Wednesday, February 16, 2011


This isn't a piece aimed at people trying their hand at photography, learning photography or giving it a go. This is aimed at the current trend of people picking up a camera in Argos and calling themselves photographers a week later. Its become far too easy for someone to setup a facebook or blog page "Joe Blogs Photography". A quick search on facebook for photography brings back a depressingly large amount of shockingly bad "photographers" who wouldn't know their aperture from their ass and far too many people charging (weddings, christenings, etc.) stupid amounts to take no better than snapshots for the persons special day. Anyone with a compact in their pocket can do as good and better.

So, I had to vent and I will probably come off seeming like a total cock, but fuck it, its pissing me off and I have to say something!

I've been taking photos on and off for 28 years, 22 of them using film, something I keep meaning to go back to more, waiting days to see your photo was a very different thing. But I wouldn't dream of calling myself a photographer, I just takes photos, I love taking photos, people, gigs, street, long exposure, whatever, I just love taking photos. I don't know if they are good and don't care because I am not charging for it, I enjoy it, I experiment, I learn, I look at scores of other photographers work on flickr, deviant, facebook, everywhere! I wait with eager anticipation every year to see the results of competitions like World Press Photo - which this year has some cracking winners, including Seamus Murphy (who has been in the awards for a number of years), and a few other Irish photographers too.

I know how to use my gear, I know what button does what, I know the technicalities of the buttons, I know when to best use flash but more importantly, that in most situations its better avoided unless you can absolutely nail it. I know how to pick a selection of photos that represent a theme or event. I do photography, but I would not call myself a photographer. There's a difference between showing your shots as "Joe Blogs Photography" and passing yourself off as "Joe Blogs Photography" the photographer.

One example I came across recently was a young lad. He picked up a camera around the New Year, and is now charging fairly substantial amounts for a shoot. I thought fair play to you, doing something you love and earning a living from it in these hard times. How foolish I could have been, a quick look through his work showed no style, no knowledge of lighting, of framing a shot, of editing a shot, of lighting a shot, of presenting a shot, really of even taking a shot. Now theres nothing wrong that if you are learning and starting out, but don't start calling yourself a photographer and charging people for muck long before you are capable of taking a photo that is worthy to be hung somewhere. In fact there was not one single photo in his entire (albeit very small) portfolio that was anything more than a snapshot and a bad one at that. Now I may be being very critical, but this person is charging fairly large amounts for shoots.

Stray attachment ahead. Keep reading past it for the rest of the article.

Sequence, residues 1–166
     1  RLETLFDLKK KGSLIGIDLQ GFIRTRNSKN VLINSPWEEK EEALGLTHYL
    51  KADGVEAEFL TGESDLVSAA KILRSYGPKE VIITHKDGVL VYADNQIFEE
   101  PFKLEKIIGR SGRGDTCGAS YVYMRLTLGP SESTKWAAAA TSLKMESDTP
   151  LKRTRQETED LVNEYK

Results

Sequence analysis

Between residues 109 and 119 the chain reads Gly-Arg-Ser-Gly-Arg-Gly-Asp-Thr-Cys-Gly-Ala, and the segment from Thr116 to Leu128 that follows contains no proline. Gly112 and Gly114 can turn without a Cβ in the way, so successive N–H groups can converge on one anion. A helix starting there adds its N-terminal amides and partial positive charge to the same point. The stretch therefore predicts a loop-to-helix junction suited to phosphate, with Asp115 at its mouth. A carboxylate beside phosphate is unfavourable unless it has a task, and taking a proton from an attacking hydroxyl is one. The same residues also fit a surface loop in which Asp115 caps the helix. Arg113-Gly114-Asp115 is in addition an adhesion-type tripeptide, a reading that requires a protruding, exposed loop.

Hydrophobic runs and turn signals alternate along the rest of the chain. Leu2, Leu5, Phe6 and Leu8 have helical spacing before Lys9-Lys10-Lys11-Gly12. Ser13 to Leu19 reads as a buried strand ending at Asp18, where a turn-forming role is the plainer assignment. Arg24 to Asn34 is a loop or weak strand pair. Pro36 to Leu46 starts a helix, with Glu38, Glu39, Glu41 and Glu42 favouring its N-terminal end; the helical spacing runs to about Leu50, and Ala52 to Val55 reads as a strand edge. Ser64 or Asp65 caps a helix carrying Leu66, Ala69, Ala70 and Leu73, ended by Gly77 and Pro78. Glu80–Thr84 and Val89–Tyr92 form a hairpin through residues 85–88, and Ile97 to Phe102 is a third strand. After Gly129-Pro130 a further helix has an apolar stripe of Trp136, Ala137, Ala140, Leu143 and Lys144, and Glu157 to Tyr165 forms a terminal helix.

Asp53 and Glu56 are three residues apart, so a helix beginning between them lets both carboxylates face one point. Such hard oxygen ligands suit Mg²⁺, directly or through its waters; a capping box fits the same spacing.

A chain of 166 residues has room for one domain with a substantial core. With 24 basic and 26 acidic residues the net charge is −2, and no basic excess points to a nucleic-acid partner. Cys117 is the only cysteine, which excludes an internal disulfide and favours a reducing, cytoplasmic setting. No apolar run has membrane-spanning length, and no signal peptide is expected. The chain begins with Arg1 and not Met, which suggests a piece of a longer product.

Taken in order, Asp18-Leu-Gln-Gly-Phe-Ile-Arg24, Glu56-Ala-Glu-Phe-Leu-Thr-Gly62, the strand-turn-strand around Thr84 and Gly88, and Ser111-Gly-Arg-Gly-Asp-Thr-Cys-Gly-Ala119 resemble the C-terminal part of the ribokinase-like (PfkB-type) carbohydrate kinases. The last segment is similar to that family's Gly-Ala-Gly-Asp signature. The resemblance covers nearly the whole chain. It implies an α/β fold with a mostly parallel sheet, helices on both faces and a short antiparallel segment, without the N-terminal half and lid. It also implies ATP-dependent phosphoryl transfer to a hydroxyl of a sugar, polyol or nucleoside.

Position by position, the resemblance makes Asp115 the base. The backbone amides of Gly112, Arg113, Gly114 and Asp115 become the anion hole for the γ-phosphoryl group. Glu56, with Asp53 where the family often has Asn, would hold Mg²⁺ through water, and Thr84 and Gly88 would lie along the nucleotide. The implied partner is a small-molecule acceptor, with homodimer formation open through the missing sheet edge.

Pop-up flash is not flash. On camera flash is not really flash. Get that flash off the fuckin camera, in fact if you can, get rid of the flash and use the ambient light, get that aperture wide open and bump up that ISO. But again there lies the problem, "whats aperture, whats ISO". What? Oh yes, AUTO is where its at. A quick look at EXIF confirms that. "Photographers" lack of knowledge of photography and their cameras is actually shocking. It doesn't take much more than a bit of effort to learn it, theres isn't actually that much to it.

Another example, I can see is focusing, some prime examples being well established photographers taking photos without a glimpse of sharpness and I'm not talking about sports or gig shots here, but well lit, flash shots, no excuse for substandard sharpness if you are handed the perfect environment. Over editing or lack of editing for that matter is so prevalent its depressing, do these people not take pride in what they photograph?

One of the areas I love is long exposure photography. LONG EXPOSURE. That means people give me advice saying things like "if you raised your ISO" (ok, some people do understand ISO, or the concept of it anyway), you could take that photo a lot quicker". ehhhhh, no. "The clouds look a bit blurry, and the sea looks funny, you should shoot a faster speed". ehhhhh, no.